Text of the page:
Race training plans are a big undertaking. To make this undertaking more manageable we can do things to prep our bodies before we officially start our training.
Before you start a training plan, it is a smart idea to start moving. Hopefully you are already running a few miles. If you aren’t running a few miles then hopefully you have a very physical job. For many people with desk jobs who haven’t already been running, here are some ways to prep your body so it is ready to take on the training.
Start exercising 3-4 days a week. This pre training exercise can be walking, light running, cycling, or anything that gets us up and moving. If you haven’t done any exercising in the last few months, let’s start with a 10 minute exercise target each session the first week and then add 5 minutes each consecutive week till you are up to 30 minutes of moving. You can walk, jog or frolick the entire time. The point of this pre training is to ease your body into motion. After a few weeks of pre training you will have a much easier time to start your official training plan. Before we start our real training plan, we want to make sure our body can comfortably handle 20 minutes of brisk moving.
Power Up Those Legs
There are some good exercises you can do to help boost your legs to get them prepared for your training. These exercises will help get you ready to transition into your training plan. Here is a set of exercises to jump start your training. Aim to follow this routine two times a week.
- Squats – 2 or 3 sets of 10
Stand in front of your couch, slowly squat over the couch as if you were going to sit down but do not sit down. We want to get within a few inches of the couch cushion before standing up. While doing this be careful that your knees do not overextend past your toes.
- Lunges- 2 sets of 10 lunges per leg
Make sure you have a clear area in front & behind you. Stand up straight. Place your hands on your hip for stability and step forward with one leg. Make sure your front knee is directly above your ankle. Gradually lower your hips till your legs are about 90 degree angles without your back knee touching the ground. Then gradually rise up to a standing position again. Repeat using the other leg.
- Skips – Skip for 50 feet, repeat 4 times.
On a grassy field or a clear dirt area, skip. Walk back to starting line and repeat starting with your alternate leg. Avoid doing this on concrete because it is too hard of a surface for your joints and avoid doing this on the beach because sand can be too soft of a surface causing twisted ankles.
- Foot Lifts – Lift up each foot, hold 10 seconds, repeat 10 times.
Stand up straight and lift up one foot till it is in the air next to the upper point of your calf muscle on your standing leg. Hold the foot in the air for 10 seconds. Set your foot down and repeat using your alternate foot. Do this 10 times for each foot.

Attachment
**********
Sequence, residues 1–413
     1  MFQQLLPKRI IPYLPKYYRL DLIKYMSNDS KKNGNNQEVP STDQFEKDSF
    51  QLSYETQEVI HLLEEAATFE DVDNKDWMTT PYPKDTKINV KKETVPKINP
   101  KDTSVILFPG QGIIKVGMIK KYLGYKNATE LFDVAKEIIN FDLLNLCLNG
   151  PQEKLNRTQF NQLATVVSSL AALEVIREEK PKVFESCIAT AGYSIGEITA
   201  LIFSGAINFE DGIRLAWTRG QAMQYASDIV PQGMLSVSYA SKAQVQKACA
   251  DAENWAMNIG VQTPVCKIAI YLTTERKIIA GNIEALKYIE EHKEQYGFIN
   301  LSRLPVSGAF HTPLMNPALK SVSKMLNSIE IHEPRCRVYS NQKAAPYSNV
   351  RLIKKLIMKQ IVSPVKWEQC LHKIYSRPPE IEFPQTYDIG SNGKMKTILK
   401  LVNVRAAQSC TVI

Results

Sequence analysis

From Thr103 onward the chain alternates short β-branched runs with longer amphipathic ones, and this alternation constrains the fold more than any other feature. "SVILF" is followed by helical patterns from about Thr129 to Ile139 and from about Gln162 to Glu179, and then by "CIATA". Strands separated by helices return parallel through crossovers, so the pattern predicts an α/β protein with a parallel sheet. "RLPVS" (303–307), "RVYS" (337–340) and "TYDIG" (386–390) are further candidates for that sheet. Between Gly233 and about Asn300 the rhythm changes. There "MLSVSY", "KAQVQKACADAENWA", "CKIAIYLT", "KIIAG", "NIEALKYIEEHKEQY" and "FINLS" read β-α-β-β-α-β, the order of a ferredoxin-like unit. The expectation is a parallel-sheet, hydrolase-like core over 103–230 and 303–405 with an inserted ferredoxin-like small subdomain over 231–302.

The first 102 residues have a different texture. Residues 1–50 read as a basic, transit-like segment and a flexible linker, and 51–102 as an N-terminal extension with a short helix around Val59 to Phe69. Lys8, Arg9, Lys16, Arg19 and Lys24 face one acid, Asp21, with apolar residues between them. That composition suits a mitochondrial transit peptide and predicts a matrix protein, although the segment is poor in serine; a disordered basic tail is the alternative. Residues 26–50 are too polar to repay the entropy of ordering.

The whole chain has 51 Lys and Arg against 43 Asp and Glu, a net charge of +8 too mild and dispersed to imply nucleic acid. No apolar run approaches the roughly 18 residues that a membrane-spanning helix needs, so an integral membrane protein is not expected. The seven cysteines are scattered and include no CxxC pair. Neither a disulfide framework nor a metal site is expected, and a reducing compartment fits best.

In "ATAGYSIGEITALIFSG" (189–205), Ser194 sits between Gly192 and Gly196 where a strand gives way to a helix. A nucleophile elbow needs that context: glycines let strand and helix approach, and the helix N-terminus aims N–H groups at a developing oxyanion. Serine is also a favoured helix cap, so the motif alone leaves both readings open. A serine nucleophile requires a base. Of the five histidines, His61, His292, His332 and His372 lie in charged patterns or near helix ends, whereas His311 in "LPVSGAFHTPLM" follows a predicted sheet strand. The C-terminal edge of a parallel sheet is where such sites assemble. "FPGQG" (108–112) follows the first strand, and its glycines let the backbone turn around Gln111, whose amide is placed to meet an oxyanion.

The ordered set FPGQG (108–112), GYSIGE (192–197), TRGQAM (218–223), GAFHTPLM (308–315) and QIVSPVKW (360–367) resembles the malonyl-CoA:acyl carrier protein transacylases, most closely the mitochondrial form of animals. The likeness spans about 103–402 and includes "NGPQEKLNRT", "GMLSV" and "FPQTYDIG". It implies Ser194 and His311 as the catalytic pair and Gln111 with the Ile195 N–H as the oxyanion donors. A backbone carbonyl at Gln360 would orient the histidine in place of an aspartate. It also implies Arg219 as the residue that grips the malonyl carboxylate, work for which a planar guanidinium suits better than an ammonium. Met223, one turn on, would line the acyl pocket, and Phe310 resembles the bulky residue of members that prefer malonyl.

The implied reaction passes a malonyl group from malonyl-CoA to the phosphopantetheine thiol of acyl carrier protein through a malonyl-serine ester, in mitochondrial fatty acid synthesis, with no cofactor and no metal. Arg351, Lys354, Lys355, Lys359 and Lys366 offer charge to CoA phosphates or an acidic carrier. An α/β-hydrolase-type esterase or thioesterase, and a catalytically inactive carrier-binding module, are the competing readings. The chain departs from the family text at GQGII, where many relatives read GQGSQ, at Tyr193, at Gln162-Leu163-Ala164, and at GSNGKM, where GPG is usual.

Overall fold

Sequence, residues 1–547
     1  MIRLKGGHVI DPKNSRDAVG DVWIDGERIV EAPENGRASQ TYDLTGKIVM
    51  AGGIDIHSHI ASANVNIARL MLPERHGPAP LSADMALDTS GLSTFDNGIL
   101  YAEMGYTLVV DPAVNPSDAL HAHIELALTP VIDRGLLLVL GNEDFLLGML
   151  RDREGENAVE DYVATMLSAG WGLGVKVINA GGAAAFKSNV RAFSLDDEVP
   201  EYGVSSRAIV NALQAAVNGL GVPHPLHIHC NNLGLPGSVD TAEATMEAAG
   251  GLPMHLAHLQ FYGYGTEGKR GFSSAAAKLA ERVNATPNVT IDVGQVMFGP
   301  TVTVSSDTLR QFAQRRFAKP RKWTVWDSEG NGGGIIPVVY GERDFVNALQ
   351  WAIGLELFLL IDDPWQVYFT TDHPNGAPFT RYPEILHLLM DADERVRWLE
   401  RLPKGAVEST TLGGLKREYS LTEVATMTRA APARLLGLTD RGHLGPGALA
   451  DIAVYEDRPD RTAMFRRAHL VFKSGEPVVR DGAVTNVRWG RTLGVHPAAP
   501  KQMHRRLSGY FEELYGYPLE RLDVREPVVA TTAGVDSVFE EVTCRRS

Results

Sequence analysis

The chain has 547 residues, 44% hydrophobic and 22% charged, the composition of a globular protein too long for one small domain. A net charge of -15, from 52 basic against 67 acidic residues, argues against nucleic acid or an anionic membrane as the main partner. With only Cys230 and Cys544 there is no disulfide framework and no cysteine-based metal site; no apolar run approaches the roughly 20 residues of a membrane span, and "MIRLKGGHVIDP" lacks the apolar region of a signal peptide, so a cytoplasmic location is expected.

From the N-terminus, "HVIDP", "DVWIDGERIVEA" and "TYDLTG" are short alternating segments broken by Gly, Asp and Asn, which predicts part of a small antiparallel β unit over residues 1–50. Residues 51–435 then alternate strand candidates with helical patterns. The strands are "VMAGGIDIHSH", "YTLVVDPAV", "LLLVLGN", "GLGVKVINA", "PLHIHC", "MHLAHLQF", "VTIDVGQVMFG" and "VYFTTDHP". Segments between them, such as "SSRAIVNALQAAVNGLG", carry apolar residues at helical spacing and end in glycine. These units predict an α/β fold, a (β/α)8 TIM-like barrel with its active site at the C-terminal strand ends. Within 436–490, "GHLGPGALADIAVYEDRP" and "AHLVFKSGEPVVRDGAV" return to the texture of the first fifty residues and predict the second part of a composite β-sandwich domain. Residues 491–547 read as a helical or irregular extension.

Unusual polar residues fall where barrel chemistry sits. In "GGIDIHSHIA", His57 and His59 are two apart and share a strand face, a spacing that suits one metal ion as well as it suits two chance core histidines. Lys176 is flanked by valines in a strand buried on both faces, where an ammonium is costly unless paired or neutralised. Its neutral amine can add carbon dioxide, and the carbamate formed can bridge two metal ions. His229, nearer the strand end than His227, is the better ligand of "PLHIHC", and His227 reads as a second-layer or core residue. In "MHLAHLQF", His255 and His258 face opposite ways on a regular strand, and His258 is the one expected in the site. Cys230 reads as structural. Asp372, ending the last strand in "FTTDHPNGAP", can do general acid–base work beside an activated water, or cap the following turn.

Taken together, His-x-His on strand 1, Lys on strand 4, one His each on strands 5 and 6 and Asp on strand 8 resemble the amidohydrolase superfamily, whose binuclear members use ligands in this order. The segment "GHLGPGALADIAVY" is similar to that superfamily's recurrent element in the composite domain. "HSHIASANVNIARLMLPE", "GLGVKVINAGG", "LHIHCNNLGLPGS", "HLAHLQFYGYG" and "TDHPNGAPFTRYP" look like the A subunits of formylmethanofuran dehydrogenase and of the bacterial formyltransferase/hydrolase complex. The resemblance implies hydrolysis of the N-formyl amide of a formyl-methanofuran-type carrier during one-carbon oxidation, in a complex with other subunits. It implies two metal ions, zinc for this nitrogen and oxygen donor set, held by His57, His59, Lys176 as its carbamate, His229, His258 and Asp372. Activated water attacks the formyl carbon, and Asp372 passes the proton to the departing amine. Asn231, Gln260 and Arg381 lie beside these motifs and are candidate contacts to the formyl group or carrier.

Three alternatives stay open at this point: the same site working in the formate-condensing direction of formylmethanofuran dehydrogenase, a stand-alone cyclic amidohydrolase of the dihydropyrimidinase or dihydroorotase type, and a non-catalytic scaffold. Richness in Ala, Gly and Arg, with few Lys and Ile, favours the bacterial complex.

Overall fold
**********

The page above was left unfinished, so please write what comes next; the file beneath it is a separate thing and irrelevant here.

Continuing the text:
Should I work on my core?
A strong core is part of a good training plan and makes for better running miles. If you are comfortable with exercising and are able to get out there 3-4 times a week for cardio, you can include the following core workout after your cardio session two times a week. If you have any questions as to how to perform a particular move,
- Plank- hold for 20- 30 seconds. Repeat 5 times.
Get on the floor similar to doing a push up. Place your forearms on the ground under your chest. Lift up supporting your body by your forearms and toes. Hold your body in a straight line and maintain that position for 20-30 seconds. Repeat 5 times. Seems easy till you do this challenging exercise. If you think it is easy double check your body is in a straight line and that your belly isn’t slouching or your behind is too high in the air. Start with 15 seconds and each week increase till you build up to 30 seconds each plank.
- Crunches- 20 reps- 2 sets
Lie on your back with your knees bent and your feet on the floor. Place your hands behind your head with your elbows sticking out. Tilt your chin towards your chest. Gently curl forward so your head and should blades leave the ground. Hold for a moment before slowly lowering your head back to the ground.
Stretching when I perform my cardio exercise
Stretching is an important part of training for your event. Although your friends and family may advise that you stretch before you start your work out, that advice is actually isn’t the best idea. It is not a good idea to stretch a “cold” muscle, which is what your muscles are prior to a workout. A smarter option is to ease into your cardio workout, starting slowly and allow the muscles to gradually warm up; once your muscles are warm, you can increase the pace to what you are targeting for that workout.
A good time to stretch is after you have warmed up your muscles with the cardio workout or strength training exercises. We do not want to bounce or strain when we are stretching. We want to feel a gentle pull and nothing should be painful. Stretching is not a competition and overdoing stretching replaces the benefits with injury risks so be smart and relax with your stretches.
What to stretch? – There are many muscles you can stretch and many different ways to stretch them. Whichever muscles you want to target, we suggest you get into a routine that starts with your feet and works up to your shoulders so you don’t forget any muscles. If you aren’t familiar with stretching go to Youtube and search the videos made by certified physical therapists so you can see how to properly and safely perform these stretches. Be careful to keep your body form the same as you see in the video to ensure you stretch your muscles just enough.